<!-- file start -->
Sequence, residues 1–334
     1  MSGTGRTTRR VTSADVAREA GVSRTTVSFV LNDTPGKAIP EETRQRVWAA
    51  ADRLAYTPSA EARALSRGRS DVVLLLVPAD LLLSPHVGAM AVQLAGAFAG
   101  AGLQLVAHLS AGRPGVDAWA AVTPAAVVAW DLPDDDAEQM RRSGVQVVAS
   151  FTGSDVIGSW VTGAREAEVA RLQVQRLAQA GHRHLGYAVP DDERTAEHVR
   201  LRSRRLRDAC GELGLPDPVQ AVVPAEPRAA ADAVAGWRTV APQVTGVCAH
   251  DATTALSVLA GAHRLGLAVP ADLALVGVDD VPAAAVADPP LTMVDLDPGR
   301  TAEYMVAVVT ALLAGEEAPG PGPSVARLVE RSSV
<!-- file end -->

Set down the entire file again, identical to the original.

Sequence, residues 1–334
     1  MSGTGRTTRR VTSADVAREA GVSRTTVSFV LNDTPGKAIP EETRQRVWAA
    51  ADRLAYTPSA EARALSRGRS DVVLLLVPAD LLLSPHVGAM AVQLAGAFAG
   101  AGLQLVAHLS AGRPGVDAWA AVTPAAVVAW DLPDDDAEQM RRSGVQVVAS
   151  FTGSDVIGSW VTGAREAEVA RLQVQRLAQA GHRHLGYAVP DDERTAEHVR
   201  LRSRRLRDAC GELGLPDPVQ AVVPAEPRAA ADAVAGWRTV APQVTGVCAH
   251  DATTALSVLA GAHRLGLAVP ADLALVGVDD VPAAAVADPP LTMVDLDPGR
   301  TAEYMVAVVT ALLAGEEAPG PGPSVARLVE RSSV